Did I already mention how great the kitchen is for meetings? Let’s continue discussing meetings. I think that you should span them all over the week. If I have to jump from one meeting to the other often without having the time to obey the call of mother nature, I get irritated.
Hey, can you hear me? … Hallo? Hallo? … Sorry, I’ve been speaking for 5 minutes and I just realized I was on mute. Let me start over. Or just guess what I said. … Can you hear me better or do you still hear an echo?
Say you’re far from the mic again, say you’re far from the mic again, I dare you, I double dare you, say it one more goddamn time and… I’ll call Samuel L Jackson to tell you a nice bedtime story.
I prefer to have at least half an hour between meetings in order to get some rest and calm down. I usually break down all my user stories into microtasks, so I have some time to work on them in between (and sometimes during) the meetings.
By spanning them all over the week, I’m not overwhelmed with meetings during any part of the day or the week.
Be always available on IM
In the office, your boss used to see you. Maybe she even saw your screens all the time, or at least she could if she wanted to. You were a good
slave employee, you were under constant surveillance.
It’s not the case anymore! Of course, unless your company is capturing your screen and maybe even takes some pictures through your webcam… They cannot know whether you work in a given moment or you’re chopping onions for your midday chilli.
So what is left for your masters is to contact you on chat at random times. If you don’t want to disappoint them - and play Russian-roulette with your job - you should reply all the time instantaneously. They have to know both that you are there ready to go the extra mile and also to provide them social support as - just like you! - they also lost their usual circles with the pandemic.
But as you’re a smart person, you can go a step forward! You should be contacting others and note if someone is replying late. After all, maybe at a moment, you’ll be asked about a person and then you can tell that he replied to you about that TPS report 17 minutes after you pinged him after your late-night dinner.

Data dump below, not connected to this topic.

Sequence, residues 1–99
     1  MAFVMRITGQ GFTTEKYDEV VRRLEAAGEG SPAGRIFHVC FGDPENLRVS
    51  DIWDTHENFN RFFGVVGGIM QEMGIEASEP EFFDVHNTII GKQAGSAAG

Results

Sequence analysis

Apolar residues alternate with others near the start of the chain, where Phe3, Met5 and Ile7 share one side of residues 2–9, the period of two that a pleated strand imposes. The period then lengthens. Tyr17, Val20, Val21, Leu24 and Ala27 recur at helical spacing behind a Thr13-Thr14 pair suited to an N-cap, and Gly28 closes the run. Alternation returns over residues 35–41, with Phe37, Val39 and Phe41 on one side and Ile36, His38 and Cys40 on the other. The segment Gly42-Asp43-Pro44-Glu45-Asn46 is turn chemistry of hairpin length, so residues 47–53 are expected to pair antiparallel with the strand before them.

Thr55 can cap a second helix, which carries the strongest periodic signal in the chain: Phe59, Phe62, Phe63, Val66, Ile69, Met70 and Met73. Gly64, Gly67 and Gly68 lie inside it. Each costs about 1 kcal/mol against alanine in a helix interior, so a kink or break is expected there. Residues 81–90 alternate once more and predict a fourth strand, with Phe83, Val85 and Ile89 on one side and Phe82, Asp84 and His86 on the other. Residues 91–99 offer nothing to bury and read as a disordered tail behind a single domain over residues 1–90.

But a good company soldier works long days and always available to serve, right?
Don’t eat, don’t drink much!
Please don’t eat if you want to stay productive! Food intake takes time! I know you have a lunch break - it is for time wasters anyway - but imagine what will happen if you fill your tummy. You eat your programmer’s special pizza-coke combo and we all know what’s going to happen. You’re gonna pass out in a food-induced coma. If you manage to avoid it, you’ll still only be a shadow of yourself for a couple of hours.
Do you really want that?
The best you can do is that you don’t have breakfast, you don’t have lunch and you only eat once a day after office hours. Will it be only the end of your workday or your whole day doesn’t matter that much anyway. The french used to characterize the big-city life as metro-boulot-dodo. You commute, you work, you commute then you sleep. With the home office, there is no more need for the metro, it’s just boulot-dodo. We work and sleep. And of course, we pay taxes, that’s the most important! Don’t ruin the cycle.
If you can limit your water - or whatever you drink - intake, even better! Don’t go overboard, if you start dry coughing in a meeting and the mute button cannot solve it because actually you must present, drink a few sips! Otherwise, if there is a chance, try to limit your drinking. Do you know what’s going to happen if you follow the bandwagon of heavy water drinkers? You’ll have to pee. A lot.
Do you have time for that?
Oh, by the way, keep an empty bottle with you. Just in case. You know. Ladies, I don’t know what to suggest.
Let your motto be no drink, no pee.
Today I shared with you 5 pieces of advice on how to be productive or … Well, I hope you don’t take them too seriously and you had some good laughs. Next time, I’ll come back with something real on productivity!